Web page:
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Consumers 'overwhelmed' by pensions information

Older couple with a laptop and calculator, discussing their finances

Many people feel 'in the dark' when it comes to pension saving, new research suggests.

A survey of 6,000 UK adults by Standard Life has revealed that half (50%) think information around pensions and retirement is overwhelming, and more than two in five (41%) admit they have no idea what to do next with the pensions information they have.

Worryingly, 72% of the respondents said they are doing little, if anything, to plan for their retirement.

But a growing number of people have a positive view of the help offered by third parties: over four-fifths (83%) now think financial advisers are a useful source of support, rising from 73% last year. Similarly, 76% say that speaking with their pension provider or reading information on their pension provider's website has been helpful (increasing from 70% and 71% respectively).

Increased demand for retirement advice

Separate research by Aegon suggests that demand for retirement advice is on the increase.

Advisers estimate that well over half (58%) of the assets they advise on are for clients receiving retirement advice, up from 55% a year ago. And three quarters (75%) of clients surveyed for the report said that the economic situation of the past year has led them to consider changing their level of risk, the income they take, or review how much and/or when they pass on money.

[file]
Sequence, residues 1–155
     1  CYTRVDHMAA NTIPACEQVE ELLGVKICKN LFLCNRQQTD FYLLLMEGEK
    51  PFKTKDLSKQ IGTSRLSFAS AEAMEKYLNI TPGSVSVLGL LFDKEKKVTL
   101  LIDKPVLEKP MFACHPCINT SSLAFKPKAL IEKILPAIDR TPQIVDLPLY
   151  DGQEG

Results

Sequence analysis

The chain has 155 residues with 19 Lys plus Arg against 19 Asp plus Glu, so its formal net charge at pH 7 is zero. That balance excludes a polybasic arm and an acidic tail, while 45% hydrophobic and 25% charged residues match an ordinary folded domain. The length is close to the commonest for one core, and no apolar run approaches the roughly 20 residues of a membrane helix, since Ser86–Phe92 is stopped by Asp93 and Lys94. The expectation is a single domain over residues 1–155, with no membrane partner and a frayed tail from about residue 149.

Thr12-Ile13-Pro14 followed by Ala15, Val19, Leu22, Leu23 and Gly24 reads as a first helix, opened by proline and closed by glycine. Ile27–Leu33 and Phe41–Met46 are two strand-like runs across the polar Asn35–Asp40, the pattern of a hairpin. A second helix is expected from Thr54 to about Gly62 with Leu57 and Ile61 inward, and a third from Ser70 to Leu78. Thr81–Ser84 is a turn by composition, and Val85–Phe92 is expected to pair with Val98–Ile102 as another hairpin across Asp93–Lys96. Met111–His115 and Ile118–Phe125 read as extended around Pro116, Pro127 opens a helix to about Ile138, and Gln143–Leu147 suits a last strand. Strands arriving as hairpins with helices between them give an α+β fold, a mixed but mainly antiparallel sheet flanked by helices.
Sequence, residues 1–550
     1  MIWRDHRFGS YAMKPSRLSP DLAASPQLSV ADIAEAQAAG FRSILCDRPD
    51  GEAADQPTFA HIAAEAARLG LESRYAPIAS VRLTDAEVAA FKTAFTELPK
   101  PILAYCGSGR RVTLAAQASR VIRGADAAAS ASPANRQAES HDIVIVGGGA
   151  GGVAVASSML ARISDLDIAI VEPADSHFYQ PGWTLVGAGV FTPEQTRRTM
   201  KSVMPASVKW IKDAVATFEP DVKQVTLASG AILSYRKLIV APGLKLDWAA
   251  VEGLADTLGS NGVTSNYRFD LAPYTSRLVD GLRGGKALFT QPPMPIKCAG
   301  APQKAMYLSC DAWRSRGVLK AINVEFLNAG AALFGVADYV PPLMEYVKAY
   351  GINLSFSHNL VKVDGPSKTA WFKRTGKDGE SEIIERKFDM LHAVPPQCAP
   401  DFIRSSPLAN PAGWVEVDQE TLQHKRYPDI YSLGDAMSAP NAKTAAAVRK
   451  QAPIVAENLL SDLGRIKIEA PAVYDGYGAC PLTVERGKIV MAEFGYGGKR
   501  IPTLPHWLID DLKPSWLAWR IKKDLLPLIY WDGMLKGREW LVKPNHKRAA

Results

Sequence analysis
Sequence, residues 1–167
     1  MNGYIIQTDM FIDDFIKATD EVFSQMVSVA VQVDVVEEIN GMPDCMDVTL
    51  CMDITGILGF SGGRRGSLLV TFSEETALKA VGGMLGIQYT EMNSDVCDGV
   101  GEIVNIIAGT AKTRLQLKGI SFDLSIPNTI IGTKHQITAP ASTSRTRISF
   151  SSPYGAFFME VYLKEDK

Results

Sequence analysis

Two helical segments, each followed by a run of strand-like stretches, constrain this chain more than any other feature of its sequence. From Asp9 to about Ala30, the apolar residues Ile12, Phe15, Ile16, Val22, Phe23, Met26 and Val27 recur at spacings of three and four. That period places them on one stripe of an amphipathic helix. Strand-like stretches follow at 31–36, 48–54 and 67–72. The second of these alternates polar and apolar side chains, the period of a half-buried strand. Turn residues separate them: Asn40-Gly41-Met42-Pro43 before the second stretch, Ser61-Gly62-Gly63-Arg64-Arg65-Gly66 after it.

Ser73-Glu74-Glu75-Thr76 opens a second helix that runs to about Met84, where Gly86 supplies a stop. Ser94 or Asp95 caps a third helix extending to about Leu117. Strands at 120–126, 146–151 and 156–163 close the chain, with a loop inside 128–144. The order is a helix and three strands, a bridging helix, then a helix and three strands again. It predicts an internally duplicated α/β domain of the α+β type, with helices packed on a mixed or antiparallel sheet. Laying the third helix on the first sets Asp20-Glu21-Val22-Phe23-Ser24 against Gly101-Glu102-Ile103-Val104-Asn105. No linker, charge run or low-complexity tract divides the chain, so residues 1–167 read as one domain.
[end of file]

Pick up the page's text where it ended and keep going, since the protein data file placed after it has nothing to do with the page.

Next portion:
"The research shows that the cost-of-living crisis plays a huge part in client demand for retirement advice, which is perhaps not too surprising considering volatile markets, rising interest rates and high inflation will naturally impact financial plans," said Ronnie Taylor, chief distribution officer at Aegon.

"With many advised clients admitting they plan on reviewing how they manage their money, the findings highlight the value of getting professional advice. This can offer invaluable support in making good financial decisions in volatile times and in planning for retirement."

'Advice gap' remains

There are still many more people who could benefit from financial advice, however.

Recent research from the Financial Services Compensation Scheme (FSCS) shows that almost two-thirds (64%) of UK adults with savings, investments or a mortgage have not sought regulated financial advice in the last five years.

More than half (55%) of those with any financial products think that paying for financial advice is for the wealthy.

Not seeking regulated advice, or following guidance from unregulated and unsuitable sources, could put UK adults at higher risk of putting their money somewhere that isn't safe, FSCS warned. It's important to remember that consumers may only be eligible for compensation for poor financial advice if they are dealing with a firm that is authorised by the FCA.

Encouragingly, however, the findings also show that among those who have taken paid-for regulated financial advice, 62% said that if they needed financial advice for a similar reason, they would use the same service from the provider they used before.

Posted by Fidelius on February 27th 2023

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